Coarse-grain molecular dynamics simulation framework to unravel the interactions of surfactants on silica surfaces for oil recovery

abstract

A coarse-grained molecular dynamics (CG-MD) framework, based on the MARTINI 3.0 model, was developed to characterise the interactions between surfactants and oil-silica substrates to resemble chemical enhanced oil recovery (EOR) processes. Previous computational studies, at the atomistic scale, addressed interactions between surfactants and oil over diverse surfaces. Even though simulations provided significant information involved throughout different stages of oil extraction from surfaces, atomistic scale simulations fail when approaching the time and size scale required to address the surfactant phase behaviour that can also impact the oil detachment. Our coarse-grained model aims to overcome the lack of computer approaches that can tackle the surfactant selfassembly and the formation of ordered structures in the removal of oil from silica substrates. A new MARTINI 3.0 coarse-grain framework to model silica surfaces and aqueous solutions of CiEj and C16TAB surfactants is presented. Coarse-grained simulations entailing a silica surface, covered by dodecane or eicosane were brought in contact with aqueous solutions of C16TAB and four nonionic CiEj (C8E6, C8E12, C12E6, C16E12) surfactants to resemble EOR processes with a size/time scale several orders of magnitude larger than previous simulations. The impact of concentration and hydrophilic-lipophilic balance (HLB) of surfactants on the detachment of dodecane and eicosane from the silica surface was evaluated by visual inspection of the simulation snapshots and the evolution of the solvent accessible surface areas (SASA). In contrast with previous atomistic simulations, nonionic surfactants seem the best candidates for an optimal oil removal from silica-based surfaces whereas the presence of charged moieties hinders the process. Diluted nonionic CE aqueous solutions were shown to be the most effective solutions, unlike more concentrated ones. When compared with dodecane, eicosane was less prone to be removed from the silica surface due to the increased alkyl chain length. Our study demonstrates that not only the surfactant nature but also the phase behaviour, clearly impact the detachment of oil from silica surfaces. This is an important aspect to consider for a proper choice of surfactants in EOR processes, that is only attainable through a coarse-grained framework.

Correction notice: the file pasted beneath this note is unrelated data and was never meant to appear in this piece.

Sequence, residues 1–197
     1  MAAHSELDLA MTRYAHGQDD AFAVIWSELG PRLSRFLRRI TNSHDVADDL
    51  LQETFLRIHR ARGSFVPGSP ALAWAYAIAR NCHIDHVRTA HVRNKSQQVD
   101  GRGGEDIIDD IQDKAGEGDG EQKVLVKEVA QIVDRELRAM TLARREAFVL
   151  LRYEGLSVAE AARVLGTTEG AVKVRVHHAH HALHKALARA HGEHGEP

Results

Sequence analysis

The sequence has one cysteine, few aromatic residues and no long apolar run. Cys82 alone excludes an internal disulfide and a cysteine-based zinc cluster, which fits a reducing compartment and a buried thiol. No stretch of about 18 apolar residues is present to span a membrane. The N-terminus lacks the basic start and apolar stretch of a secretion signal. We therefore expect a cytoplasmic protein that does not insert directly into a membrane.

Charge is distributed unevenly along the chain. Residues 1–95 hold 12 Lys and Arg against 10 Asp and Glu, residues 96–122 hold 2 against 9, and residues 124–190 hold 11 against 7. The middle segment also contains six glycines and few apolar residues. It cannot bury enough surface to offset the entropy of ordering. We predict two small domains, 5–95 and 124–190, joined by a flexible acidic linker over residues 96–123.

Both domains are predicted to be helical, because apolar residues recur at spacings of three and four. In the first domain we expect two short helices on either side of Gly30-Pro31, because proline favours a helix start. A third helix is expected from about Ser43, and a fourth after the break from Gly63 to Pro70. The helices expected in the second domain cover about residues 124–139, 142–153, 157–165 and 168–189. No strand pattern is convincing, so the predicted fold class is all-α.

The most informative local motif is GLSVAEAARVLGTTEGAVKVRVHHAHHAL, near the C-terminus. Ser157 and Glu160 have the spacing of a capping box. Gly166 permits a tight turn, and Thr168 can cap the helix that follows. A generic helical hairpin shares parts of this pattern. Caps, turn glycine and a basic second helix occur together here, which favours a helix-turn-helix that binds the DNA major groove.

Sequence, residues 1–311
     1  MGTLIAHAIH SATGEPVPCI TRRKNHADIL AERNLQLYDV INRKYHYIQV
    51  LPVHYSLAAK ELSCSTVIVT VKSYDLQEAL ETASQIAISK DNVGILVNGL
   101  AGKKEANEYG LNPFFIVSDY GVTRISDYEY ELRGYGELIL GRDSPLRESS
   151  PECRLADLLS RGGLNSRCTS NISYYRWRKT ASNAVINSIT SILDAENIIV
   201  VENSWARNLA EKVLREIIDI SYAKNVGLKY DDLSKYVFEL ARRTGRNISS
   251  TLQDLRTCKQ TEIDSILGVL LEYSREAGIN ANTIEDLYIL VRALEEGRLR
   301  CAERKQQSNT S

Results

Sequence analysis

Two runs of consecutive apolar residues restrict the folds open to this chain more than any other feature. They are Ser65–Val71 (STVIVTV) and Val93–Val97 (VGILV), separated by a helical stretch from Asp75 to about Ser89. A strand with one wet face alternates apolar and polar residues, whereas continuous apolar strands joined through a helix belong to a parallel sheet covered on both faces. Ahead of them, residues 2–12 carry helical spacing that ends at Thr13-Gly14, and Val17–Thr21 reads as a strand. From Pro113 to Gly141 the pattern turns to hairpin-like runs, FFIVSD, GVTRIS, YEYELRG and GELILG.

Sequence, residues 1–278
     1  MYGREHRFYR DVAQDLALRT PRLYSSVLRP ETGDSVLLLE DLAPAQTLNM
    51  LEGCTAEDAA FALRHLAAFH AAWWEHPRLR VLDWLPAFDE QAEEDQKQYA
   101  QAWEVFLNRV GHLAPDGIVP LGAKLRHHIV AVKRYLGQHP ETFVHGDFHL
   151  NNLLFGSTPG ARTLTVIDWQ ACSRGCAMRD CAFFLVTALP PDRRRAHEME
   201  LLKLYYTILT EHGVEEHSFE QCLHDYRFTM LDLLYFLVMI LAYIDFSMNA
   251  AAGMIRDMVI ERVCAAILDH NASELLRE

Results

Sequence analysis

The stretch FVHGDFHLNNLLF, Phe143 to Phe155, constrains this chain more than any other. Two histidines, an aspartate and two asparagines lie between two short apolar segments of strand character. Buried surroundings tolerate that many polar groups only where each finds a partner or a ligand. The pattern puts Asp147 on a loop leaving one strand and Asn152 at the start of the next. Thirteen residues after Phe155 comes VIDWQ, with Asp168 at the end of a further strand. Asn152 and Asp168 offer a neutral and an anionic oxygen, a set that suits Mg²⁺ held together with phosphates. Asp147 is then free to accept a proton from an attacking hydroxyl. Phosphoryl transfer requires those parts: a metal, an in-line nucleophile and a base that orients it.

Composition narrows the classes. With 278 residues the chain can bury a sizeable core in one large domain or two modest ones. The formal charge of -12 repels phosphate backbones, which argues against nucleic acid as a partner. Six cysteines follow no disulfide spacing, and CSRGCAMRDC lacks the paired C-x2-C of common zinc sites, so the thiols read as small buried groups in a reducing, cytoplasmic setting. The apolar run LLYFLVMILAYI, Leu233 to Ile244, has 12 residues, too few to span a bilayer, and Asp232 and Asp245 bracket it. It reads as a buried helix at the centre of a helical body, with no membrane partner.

authors

German Perez-Sanchez, Filipa M. Costa, Gonçalo M.C. Silva, Manuel M. Pineiro, Joao A. P. Coutinho

our authors

acknowledgements

This work was developed within the scope of the project CICECOAveiro Institute of Materials, UIDB/50011/2020, UIDP/50011/2020 & LA/P/0006/2020, financed by national funds through the FCT/MEC (PIDDAC). G. P´erez-S´anchez acknowledges the national funds (OE), through FCT – Fundaç˜ao para a Ciˆencia e a Tecnologia, I.P., in the scope of the framework contract foreseen in the numbers 4, 5 and 6 of the article 23, of the Decree-Law 57/2016, of August 29th, changed by Law 57/2017, of July 19th. Simulations were performed at the OBLIVION Supercomputer managed by the HPC Centre of the University of ´Evora and acquired under the “Enabling Green E-science for the SKA Research Infrastructure (ENGAGE SKA)”, reference POCI-01-0145-FEDER- 022217, funded by COMPETE 2020 and Foundation for Science and Technology (FCT), Portugal. The simulations were funded by the FCT program "Concurso de Projetos de Computaç˜ao Avançada - 2ª Ediç˜ao" with the project reference CPCA/A1/394985/2021.

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